The Lightkeeper's Ball Paperback – Apr 17 2011
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About the Author
USA Today bestselling author Colleen Coble has written several romantic suspense novels including Tidewater Inn, Rosemary Cottage, and the Mercy Falls, Lonestar, and Rock Harbor series. Visit her website at www.colleencoble.com Twitter: @colleencoble Facebook: colleencoblebooks
Most Helpful Customer Reviews on Amazon.com (beta)
The author weaves together suspense, romance, action and mystery along with several plot twists which held my attention until the final pages as I tried to guess who-dun-it. While there is a definite christian message it isn't preachy or overwhelming.
While I enjoyed the mystery in this story, but the historical flavor of the book was what drew me to the story, that and the beautiful cover. Sometimes you can judge a book by the cover, and this one is a real winner!
Even though this is the third book in the Mercy Falls series it can easily be read as a stand alone work, I didn't read the first two and had no problems jumping right into this story, but I liked the story so well I will be checking out the first two in the series.
I was provided a complimentary copy of this book in exchange for an honest review.
Coble's recipe for murder mystery gets spiced up with history. Haley's Comet visits (April 20, 1910 for real) and plays a part in Harrison's bi-plane adventures. He desires to defy the commoner belief that the comet will bring the worlds end, by flying through the comet's tail. Well before any of this can happen, Harrison's father attempts to have him wedded to Olivia, an arranged affair after Olivia's sister is drowned. Sis had been engaged to Harrison, but to his status-seeking dad, either sister will gain him the society influence he craves. There is a tangle of family members in NYC and California society, Mercy Falls locals, and even among the servants. And a beach-full of secrets.
Olivia travels to Mercy Falls and the family's Stuart Hall, under a different name in an attempt to look into her sister's suspicious death. Murder almost takes her own life, and Harrison proves to be as suspect as anyone. She is saved and housed at the lighthouse, till a gale & disaster strikes. Here you get reacquainted with the Jesperson's and North's. While sleuthing for her sister's murderer, Olivia plans "The Lightkeeper's Ball" to replace what was lost in the storm. But can she ever find out the truth about Harrison? And in Coble fashion, a touch of romance begins to burn as bright as the Haley's Comet tail.
A delightful novel look at the northern California redwood coast at the end of the 20th century's first decade. The books descriptions of aeroplane flight action and surroundings are as vivid as any Victorian DVD. Mystery is paramount (good news for us guys), but love (her joy) is wedged in this fast-paced story that includes financial espionage, revenge, envy, and greed. Enough for every reader, from an author who seems to defy classification into a single genre.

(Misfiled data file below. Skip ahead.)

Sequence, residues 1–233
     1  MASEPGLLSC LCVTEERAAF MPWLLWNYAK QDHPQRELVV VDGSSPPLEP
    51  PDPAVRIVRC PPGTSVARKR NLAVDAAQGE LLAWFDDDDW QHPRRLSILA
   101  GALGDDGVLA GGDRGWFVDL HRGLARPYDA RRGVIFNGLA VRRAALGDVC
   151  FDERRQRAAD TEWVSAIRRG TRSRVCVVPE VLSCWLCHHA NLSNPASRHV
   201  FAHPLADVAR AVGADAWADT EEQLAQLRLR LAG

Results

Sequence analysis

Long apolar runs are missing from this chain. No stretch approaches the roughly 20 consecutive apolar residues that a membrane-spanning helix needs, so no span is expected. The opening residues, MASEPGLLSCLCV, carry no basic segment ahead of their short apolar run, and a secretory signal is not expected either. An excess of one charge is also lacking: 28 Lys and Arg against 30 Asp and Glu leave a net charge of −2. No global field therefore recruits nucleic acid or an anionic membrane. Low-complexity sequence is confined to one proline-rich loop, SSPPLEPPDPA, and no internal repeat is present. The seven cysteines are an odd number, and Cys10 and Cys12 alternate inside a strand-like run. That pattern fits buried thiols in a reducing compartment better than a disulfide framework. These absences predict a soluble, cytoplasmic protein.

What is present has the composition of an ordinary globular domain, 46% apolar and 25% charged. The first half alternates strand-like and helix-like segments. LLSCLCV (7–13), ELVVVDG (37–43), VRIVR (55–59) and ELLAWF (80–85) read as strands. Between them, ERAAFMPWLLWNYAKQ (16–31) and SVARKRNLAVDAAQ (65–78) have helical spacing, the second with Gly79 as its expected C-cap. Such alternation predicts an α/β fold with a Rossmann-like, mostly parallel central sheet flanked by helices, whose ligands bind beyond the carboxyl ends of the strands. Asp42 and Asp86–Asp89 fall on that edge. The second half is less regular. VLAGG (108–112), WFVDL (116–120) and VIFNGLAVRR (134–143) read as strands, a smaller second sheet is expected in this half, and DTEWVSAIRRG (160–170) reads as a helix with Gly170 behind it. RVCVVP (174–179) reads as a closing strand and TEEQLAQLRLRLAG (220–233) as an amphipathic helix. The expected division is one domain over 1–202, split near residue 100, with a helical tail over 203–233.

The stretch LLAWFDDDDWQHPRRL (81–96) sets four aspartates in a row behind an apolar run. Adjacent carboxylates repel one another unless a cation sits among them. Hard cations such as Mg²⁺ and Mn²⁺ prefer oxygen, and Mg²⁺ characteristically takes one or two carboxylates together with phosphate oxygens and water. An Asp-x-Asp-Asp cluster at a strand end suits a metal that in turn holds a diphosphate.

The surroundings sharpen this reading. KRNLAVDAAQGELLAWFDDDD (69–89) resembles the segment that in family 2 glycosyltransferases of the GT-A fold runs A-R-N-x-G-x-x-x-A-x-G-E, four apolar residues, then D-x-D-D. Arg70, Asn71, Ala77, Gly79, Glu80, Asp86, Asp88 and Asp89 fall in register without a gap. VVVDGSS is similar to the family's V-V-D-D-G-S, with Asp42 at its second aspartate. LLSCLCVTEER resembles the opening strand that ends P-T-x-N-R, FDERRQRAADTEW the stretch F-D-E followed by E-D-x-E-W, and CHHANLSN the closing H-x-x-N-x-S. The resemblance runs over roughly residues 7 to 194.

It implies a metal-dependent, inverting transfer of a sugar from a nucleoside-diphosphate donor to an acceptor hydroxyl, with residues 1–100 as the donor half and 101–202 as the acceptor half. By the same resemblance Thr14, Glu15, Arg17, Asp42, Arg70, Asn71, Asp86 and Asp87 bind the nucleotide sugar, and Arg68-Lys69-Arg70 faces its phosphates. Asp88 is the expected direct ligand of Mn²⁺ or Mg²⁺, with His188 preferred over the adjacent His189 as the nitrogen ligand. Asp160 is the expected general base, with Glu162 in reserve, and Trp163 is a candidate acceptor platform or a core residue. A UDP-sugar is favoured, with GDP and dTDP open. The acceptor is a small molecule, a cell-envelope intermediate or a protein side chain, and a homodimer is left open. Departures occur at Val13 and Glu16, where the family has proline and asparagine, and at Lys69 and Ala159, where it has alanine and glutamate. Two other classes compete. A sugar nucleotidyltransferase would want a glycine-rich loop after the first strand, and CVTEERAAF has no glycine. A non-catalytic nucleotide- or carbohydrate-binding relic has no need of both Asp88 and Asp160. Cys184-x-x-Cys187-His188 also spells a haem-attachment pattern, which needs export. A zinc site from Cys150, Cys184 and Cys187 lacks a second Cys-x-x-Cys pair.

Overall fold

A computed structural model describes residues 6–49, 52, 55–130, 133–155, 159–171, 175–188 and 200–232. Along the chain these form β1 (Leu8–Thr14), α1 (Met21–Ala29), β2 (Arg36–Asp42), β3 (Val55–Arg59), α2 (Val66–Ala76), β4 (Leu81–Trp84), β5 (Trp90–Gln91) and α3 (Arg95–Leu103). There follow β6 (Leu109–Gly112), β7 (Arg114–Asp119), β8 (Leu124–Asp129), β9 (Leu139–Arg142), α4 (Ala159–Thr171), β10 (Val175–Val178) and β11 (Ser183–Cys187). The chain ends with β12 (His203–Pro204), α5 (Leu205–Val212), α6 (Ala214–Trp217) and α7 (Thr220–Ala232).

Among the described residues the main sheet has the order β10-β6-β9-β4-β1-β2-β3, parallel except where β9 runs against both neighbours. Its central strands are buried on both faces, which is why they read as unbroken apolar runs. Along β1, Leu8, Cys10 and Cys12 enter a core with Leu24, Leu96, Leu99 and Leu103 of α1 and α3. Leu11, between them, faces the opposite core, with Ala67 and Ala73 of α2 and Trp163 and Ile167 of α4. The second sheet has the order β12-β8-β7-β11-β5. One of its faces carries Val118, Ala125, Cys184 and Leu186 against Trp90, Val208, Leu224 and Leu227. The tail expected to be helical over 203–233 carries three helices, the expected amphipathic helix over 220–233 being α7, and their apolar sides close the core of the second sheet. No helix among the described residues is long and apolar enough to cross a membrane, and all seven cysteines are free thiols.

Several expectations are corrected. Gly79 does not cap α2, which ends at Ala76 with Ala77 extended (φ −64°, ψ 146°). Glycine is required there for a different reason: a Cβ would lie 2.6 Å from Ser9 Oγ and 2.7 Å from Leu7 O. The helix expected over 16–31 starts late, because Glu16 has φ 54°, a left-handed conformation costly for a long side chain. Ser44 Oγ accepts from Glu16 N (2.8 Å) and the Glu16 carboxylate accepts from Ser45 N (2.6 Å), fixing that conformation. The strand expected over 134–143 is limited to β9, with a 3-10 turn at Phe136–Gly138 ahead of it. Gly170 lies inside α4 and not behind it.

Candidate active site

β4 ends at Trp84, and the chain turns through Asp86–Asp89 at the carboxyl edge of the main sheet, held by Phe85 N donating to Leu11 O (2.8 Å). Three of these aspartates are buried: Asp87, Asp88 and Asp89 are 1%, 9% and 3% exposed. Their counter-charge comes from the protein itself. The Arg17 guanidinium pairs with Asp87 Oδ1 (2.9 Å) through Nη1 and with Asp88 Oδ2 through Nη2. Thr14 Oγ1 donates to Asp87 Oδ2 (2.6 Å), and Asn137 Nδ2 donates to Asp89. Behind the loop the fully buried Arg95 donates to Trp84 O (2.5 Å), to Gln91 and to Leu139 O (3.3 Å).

Reading Guide Questions provided at the book's end for group discussions or personal contemplation. Coble's Mercy Falls is to Christian Murder Mystery, what Karon's Mitford is to quirky small-town life. Hopefully the series will continue to a similar number of books.
Unfortunately, once I started reading, the ending couldn't come soon enough.
The best way to describe how this book made me feel, was like watching an old movie where they jerk and jump between scenes with no warning. There was just no flow. The characters felt like puppets to me, and the author pulled their strings in often contradicting directions.
page 1) deliver devastating news to heroine that her sister has drowned
page 2) cut to heroine standing by boat railing, a mysterious assailant pushes her overboard
page 3) heroine is saved by hero
page 4) after being rescued, heroine decides not to reveal her true identity and thereby creates a major plot point
page 5) hero takes heroine to a jewelry shop
*cue record scratching* Wait, what? Why are they in a jewelry shop? Didn't they just wash up on a beach?
It just jumped around and struggled between wanting to be a murder-mystery and wanting to be a romance/feel-good tale of a woman making new friends and helping them plan a charity ball to rebuild their lighthouse. I felt like the author was throwing every plot device she could think of at me, and none of them were working.
*warning: potential spoilers*